Considering the lack of experience in the batting lineup much will depend on Yuvraj Singh and Gautam Gambhir to provide the runs and bat for long periods. Gambhir in particular will be expected to score at the top of the order so as to build a platform to ease the pressure for the younger batsmen when they arrive at the crease. Yuvraj has performed against the West Indies in the past and India will hope he remains in the form he showed over the last two months.

Much of the speculation about the Indian batting lineup focuses on whether Dhoni will bat higher in the order or remain in the middle order. Of the batsmen who have previously played against the West Indies on this tour Dhoni has the highest average. This, however, was before he was given the role of captaincy and reformed himself into a more sedate batsman in complete contrast to the swashbuckler he used to be. The Indian fans wish to see more explosive batting from him but he is unlikely to be swayed from his role as a stabilizer if he believes that this is the role in which he is most beneficial to the team.

The West Indies have questions to answer about the top order and in particular, who will partner Chris Gayle at the start of the innings. Poor performances cost Xavier Marshall and Andre Fletcher, while Sewnarine Chattergoon is given a chance with the ‘A’ team on his return from injury. More confusing is the lack of a place for Lendl Simmons. This leaves Shivnarine Chanderpaul as the only person who has regularly opened in ODI matches before and his record with Gayle is among the best for recent West Indies opening partnerships. However he has shown a fondness for the middle order and considering his success at this position it seems difficult to ask him to relinquish it.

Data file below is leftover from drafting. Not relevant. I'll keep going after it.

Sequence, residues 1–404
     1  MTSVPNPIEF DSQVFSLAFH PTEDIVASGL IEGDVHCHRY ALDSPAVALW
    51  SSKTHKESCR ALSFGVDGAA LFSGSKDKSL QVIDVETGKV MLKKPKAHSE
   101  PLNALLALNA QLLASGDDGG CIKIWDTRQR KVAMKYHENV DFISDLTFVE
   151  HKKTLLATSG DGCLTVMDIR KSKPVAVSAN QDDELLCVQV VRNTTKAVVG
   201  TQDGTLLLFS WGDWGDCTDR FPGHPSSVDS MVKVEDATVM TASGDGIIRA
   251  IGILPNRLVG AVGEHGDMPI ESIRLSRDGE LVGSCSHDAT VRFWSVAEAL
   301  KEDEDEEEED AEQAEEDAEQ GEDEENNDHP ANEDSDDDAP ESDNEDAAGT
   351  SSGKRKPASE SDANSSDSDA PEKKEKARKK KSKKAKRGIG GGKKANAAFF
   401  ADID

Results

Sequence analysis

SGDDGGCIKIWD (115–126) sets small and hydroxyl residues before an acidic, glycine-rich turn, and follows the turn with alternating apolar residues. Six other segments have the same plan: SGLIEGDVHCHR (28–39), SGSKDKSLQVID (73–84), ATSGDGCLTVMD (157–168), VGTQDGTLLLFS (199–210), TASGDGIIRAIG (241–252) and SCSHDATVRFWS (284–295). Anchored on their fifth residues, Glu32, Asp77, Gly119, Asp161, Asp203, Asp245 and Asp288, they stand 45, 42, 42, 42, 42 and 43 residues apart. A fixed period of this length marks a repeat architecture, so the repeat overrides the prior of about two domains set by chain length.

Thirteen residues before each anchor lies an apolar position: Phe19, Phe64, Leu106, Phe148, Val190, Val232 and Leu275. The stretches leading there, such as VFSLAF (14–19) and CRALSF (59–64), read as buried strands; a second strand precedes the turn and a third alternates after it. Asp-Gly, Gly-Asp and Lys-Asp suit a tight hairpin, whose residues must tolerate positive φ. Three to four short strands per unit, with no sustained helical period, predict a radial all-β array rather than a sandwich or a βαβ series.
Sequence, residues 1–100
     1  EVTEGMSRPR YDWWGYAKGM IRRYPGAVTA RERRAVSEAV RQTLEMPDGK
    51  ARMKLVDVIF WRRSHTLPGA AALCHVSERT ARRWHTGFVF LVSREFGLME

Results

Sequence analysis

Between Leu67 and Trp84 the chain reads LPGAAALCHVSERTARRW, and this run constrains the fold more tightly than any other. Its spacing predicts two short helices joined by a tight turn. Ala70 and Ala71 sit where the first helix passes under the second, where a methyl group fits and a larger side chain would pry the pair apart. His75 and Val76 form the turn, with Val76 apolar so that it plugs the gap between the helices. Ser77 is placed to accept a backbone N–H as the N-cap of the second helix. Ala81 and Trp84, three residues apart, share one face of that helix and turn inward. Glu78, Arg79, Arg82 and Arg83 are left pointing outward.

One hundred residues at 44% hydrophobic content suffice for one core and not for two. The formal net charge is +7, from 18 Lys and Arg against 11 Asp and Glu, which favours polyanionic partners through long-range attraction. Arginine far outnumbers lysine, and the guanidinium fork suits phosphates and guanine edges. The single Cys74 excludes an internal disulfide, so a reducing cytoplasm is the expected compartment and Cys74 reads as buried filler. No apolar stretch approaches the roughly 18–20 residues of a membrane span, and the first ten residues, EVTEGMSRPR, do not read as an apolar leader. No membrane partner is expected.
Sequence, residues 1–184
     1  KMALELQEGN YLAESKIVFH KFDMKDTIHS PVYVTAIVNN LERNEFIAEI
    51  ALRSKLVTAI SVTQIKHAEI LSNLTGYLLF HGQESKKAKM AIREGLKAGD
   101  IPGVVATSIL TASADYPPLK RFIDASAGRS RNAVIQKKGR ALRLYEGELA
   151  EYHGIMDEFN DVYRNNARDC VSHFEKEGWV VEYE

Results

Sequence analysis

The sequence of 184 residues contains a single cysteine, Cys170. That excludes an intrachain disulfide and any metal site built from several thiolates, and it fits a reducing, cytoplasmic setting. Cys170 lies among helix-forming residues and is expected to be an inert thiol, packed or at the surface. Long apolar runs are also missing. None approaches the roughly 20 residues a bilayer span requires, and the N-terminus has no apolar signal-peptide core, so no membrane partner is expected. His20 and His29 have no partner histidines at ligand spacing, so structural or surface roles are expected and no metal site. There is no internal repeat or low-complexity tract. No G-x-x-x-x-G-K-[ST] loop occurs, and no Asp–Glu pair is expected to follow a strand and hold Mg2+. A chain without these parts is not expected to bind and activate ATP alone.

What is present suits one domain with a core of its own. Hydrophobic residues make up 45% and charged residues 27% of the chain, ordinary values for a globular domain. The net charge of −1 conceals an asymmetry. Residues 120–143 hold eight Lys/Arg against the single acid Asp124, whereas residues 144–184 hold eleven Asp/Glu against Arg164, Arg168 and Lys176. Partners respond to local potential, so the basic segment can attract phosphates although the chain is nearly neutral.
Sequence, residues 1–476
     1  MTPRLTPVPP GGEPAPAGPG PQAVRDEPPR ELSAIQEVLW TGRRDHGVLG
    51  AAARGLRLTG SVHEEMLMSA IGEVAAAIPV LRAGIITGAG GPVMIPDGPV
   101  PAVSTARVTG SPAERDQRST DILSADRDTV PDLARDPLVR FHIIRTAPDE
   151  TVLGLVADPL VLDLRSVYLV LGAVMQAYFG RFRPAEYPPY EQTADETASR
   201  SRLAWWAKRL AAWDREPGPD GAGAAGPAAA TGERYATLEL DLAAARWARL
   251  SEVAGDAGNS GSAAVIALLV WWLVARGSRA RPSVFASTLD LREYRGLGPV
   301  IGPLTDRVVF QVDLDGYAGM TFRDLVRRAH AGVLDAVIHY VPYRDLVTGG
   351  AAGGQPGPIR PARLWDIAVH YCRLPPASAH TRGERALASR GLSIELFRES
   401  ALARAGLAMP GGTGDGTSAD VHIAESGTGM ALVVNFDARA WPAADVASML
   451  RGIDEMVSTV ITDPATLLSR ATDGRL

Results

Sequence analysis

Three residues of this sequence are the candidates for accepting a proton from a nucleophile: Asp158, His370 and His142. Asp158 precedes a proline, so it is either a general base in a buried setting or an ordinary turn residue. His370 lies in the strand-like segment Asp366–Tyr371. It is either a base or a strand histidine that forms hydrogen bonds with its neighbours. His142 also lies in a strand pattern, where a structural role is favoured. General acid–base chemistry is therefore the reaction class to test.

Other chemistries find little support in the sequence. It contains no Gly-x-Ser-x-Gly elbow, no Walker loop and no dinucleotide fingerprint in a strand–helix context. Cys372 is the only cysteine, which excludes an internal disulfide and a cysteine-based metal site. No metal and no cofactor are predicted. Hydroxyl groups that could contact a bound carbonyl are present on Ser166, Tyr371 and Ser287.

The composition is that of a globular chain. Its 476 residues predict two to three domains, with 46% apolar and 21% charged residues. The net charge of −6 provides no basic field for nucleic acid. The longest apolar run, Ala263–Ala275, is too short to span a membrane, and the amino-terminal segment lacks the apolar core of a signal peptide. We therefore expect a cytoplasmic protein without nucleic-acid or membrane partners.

Runako Morton comes into the side on the basis of a strong first-class season whether this will transfer into performances at the international level remains to be seen. Also given a chance on the basis of a strong first class season is Narsingh Deonairne who finished as the highest run-scorer in the tournament. He will be hoping to cement a place provided he is given a chance to play, after being unable to get a start on the tour of England. Darren Bravo is also called to his first series with the West Indies and will be hoping to emulate his brother Dwayne by becoming a permanent fixture in the side. He has already been touted as the next Brian Lara which seems a somewhat unfair millstone to hang on the neck of someone so young, but it may serve as inspiration to perform.

The bowling depends on Jerome Taylor to lead the largely inexperienced quicker bowlers. His form has been patchy as of late, but provided he finds form then his ability to continuously bowl lethal deliveries could be decisive. While Lionel Baker and Ravi Rampaul have international experience, Baker is still new to the team and Rampaul has had a promising career disrupted by injury. Both will be looking to make a name for themselves against batsmen notoriously inept against fast bowling, but they should be careful not to get carried away.